In chapter 5 of Animal Farm, what do Snowball's and Napoleon's slogans reveal about their main focus and purpose?
In Animal Farm, the animals have taken over Manor Farm and have valiantly defended their newly-named farm at the Battle of the Cowshed. However, there are already clear signs that the principles of Animalism are being manipulated to suit the pigs and Napoleon in particular.
In chapter 5, the struggle for leadership becomes more prominent as Snowball and Napoleon argue over everything and always want to outdo each other. The dispute over the building of the windmill intensifies and Snowball, recognizing the benefits to all the animals if there is a windmill, wants to generate power from the windmill to warm the stalls in the winter and run various machines from the electrical power a windmill would generate. The animals are intrigued about the potential for machinery to do much of the work for them while they occupy themselves "with reading and conversation."
Napoleon is not happy about Snowball's plans but is unable to come up with another plan and can only discount Snowball's and suggest that the animals could starve if they are too busy building a windmill instead of increasing food production. It is a confusing time for the animals who become divided and split into two groups; one loyal to Snowball and the other to Napoleon. They each have a slogan to try and persuade the animals whether they should side with Snowball or with Napoleon.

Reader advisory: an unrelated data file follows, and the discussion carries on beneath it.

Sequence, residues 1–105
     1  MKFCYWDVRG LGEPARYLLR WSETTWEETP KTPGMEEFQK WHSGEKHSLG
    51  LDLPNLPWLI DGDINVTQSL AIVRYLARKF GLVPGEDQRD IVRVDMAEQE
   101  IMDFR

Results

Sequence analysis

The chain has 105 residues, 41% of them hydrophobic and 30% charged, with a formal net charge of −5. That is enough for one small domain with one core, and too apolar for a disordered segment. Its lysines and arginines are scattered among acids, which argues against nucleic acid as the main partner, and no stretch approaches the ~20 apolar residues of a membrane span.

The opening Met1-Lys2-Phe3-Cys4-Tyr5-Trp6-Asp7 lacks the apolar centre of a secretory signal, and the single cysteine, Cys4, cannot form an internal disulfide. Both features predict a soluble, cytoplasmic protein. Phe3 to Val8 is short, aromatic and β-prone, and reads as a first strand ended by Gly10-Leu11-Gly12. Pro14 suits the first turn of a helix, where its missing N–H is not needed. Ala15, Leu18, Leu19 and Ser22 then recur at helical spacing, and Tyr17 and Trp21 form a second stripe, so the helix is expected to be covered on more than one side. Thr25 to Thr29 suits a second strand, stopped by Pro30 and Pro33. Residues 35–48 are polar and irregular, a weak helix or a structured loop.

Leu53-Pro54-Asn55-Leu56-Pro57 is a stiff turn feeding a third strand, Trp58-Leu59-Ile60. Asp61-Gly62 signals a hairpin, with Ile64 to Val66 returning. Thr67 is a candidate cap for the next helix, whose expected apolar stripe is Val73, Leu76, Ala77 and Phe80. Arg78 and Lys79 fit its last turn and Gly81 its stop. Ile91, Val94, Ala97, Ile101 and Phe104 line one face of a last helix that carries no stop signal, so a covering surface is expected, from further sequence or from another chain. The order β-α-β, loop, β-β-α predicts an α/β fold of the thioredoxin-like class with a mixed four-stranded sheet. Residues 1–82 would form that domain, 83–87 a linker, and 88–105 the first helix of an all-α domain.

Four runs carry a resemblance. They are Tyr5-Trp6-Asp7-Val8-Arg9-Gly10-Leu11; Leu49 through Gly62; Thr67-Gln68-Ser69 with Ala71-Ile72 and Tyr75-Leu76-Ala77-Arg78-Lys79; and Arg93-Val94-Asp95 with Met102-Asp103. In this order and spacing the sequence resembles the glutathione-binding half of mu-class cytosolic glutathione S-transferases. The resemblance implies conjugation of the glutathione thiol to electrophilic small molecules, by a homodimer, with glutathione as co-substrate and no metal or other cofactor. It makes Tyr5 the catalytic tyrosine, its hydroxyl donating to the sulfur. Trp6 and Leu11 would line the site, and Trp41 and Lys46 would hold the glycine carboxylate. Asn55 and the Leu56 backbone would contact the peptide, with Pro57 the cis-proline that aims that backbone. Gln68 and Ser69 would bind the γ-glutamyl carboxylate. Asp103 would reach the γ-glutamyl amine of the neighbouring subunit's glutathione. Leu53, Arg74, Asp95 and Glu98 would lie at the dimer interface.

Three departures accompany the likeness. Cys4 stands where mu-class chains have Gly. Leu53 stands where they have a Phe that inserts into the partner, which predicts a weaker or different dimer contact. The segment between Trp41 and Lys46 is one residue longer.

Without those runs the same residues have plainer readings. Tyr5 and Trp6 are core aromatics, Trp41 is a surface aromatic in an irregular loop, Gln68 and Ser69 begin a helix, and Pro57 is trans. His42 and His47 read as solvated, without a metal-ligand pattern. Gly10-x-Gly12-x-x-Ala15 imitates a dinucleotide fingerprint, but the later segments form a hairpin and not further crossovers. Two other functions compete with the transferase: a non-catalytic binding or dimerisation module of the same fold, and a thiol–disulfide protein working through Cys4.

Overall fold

Snowball's windmill will eventually ease the workload on all the hardworking animals and their vision of equality will be realized after about a year, according to Snowball. His slogan is "Vote for Snowball and the three-day week." However, Napoleon has a slogan which refers to the need to work tirelessly at increasing food stocks and his slogan is "Vote for Napoleon and the full manger."
These two slogans reveal the very different leadership styles of the two pigs. Snowball sees a future for the farm and thinks of the long term gains for all the animals and the upholding of the principles of Animalism. Napoleon thinks only of his comfort and existing needs. He is not concerned for the welfare of the other animals but wants to ensure that he is not inconvenienced. He is content to let the animals work hard but not smartly and has no strategic plan.